"Nicewashing" and Tarot

Jennifer VanBenschoten

In one of the online Tarot forums I belong to, I've seen numerous posts lately about "nicewashing" and Tarot. The conversations that followed were interesting, to say the least.

To explain it, there were some Tarot readers that were complaining about the way some readers make everything out to be love'n'light and gloss over the challenges in the card. On the opposite side of the coin, there are a lot of readers out there who just deliver bad news in every single reading. Personally, I've been approached a number of times by people who had readings with other readers and were thoroughly shook up by all the "bad news" they received. 

Let's get real about this: life is full of challenges. Those challenges are reflected in the Tarot and in the energy we feel when we see those cards. So how do we read that energy without being all doom and gloom? 

A few years ago, one of my shamanic teachers reminded us that challenging situations like the loss of a job, the end of a relationship, or a physical illness can all be seen as opportunities for growth. In shamanic cultures, when disasters like this occur, they're very often viewed as an initiation of sorts into a new way of life.

When I read Tarot for people, there are bound to be challenges that come up, because let's face it, without those challenges, we wouldn't really need to consult the cards, would we? Here a few examples of how I re-frame the energy of a few cards to be more empowering:

The Tower: A difficult card for a lot of people, especially since 9/11 when the Twin Towers in New York City were destroyed in a terrorist attack. In the Rider-Waite deck, you can actually see human figures falling from a tower as it crumbles under a fire. It indicates having a huge shakeup in life, and destruction of the foundations on which beliefs are built. Instead of believing that your entire world is about to come crashing down, nudge yourself towards questioning your beliefs - all of them. Where did they come from? How do they serve you? Are there any beliefs that are holding you back? Realizing that everything changes - everything - can help make this a more empowering card when you approach it from the standpoint that things don't always shift the way we'd like them to, and look at this as an opportunity for some shadow work and to build resilience.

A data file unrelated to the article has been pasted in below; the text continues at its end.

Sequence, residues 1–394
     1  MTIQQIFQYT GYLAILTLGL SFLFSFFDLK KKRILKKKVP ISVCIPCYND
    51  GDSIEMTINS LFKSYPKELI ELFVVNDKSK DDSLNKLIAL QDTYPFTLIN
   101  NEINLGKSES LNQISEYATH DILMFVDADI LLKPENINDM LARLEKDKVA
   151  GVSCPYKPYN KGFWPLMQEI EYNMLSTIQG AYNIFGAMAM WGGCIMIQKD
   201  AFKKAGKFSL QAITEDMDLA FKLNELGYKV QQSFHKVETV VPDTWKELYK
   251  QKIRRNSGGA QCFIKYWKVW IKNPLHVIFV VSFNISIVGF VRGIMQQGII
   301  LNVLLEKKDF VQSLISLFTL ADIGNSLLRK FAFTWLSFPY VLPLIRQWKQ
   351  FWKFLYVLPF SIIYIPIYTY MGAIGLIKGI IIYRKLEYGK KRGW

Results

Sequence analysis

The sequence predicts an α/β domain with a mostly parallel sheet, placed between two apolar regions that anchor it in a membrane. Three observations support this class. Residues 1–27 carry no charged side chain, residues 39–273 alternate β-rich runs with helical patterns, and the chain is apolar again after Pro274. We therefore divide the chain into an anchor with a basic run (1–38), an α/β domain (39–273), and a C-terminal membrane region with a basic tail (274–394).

Three of Swords: I've never yet seen a deck with this card where my 12-year old hasn't looked at the 3 of Swords and said, "Mommy, that's BRUTAL." The images used are usually swords (natch) piercing a heart, or piercing a dead animal or something else equally shudder-inducing. It's a card about heartbreak and loss, and who among us hasn't experienced that? When relationships end in disappointment and heartbreak, it's never a pleasant experience, but learning to deal with loss is part of being human. To shift the energy of this card, think about ways you can cut cords and honor the experience of loss.

5 of Pentacles: While definitely less challenging than the Swords, Pentacles offer their own challenges. Many of the images I've seen used to depict the energy of the 5 of Pentacles literally make me feel "left out in the cold" - images of human figures in rags, missing limbs, hands out begging for anything that passersby can spare. There's lack mentality in every single corner of this card, until you look behind the figures and see the vibrant colors of the windows. Re-frame the energy of this card by asking yourself what do you need to do to ask for help. Are you even open to receiving help from others, or are you determined to do it on your own? The challenge in this one may be learning to get out of our own way and asking for financial assistance.


So, what do you think? How would you take a challenging card and shift the energy from victimhood to victorious?

Of course, a big part of how you interpret the energy you feel in the cards depends entirely on how comfortable you are with the cards. The more you read and experience, the easier it will get to shift those doom and gloom readings into more empowering, productive experiences for yourself and anyone else you choose to read for.

Make sure you check out the new downloadable resources in my online shop to help you learn how to read Tarot cards! Choose from either the 30 Days of Tarot Prompts Workbook and Journal, or The Art Of Intuitive Tarot workbook

If you're ready to take your Tarot practice on new adventures, make sure you join me for Advanced Integrative Tarot beginning May 3, 2020! This special live online course will cover 7 weeks of practices for Tarot including Tarot + the chakras, Tarot + spirit guides, Tarot + astrology, and Tarot + the Wheel Of the Year. There are only 15 seats available, so register soon!

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1 comment

  • Great article! I’m not a fan of “nicewashing” in life beyond tarot either. It’s great to have a positive outlook in life, and embrace positive thinking, but life is like the Wheel of Fortune card- sometimes things are up, and sometimes they’re down. I think hope for the best but prepare for the worst is more realistic. So in my readings, I basically just try to say what I see. If it’s a lot of “negative” stuff coming up, I try to find the most “positive” card in the reading and circle back to that at the end to at least end on a positive note. And always emphasize that nothing is set in stone, and things can be changed. The cards just show a possible trajectory but we still have choices to make.


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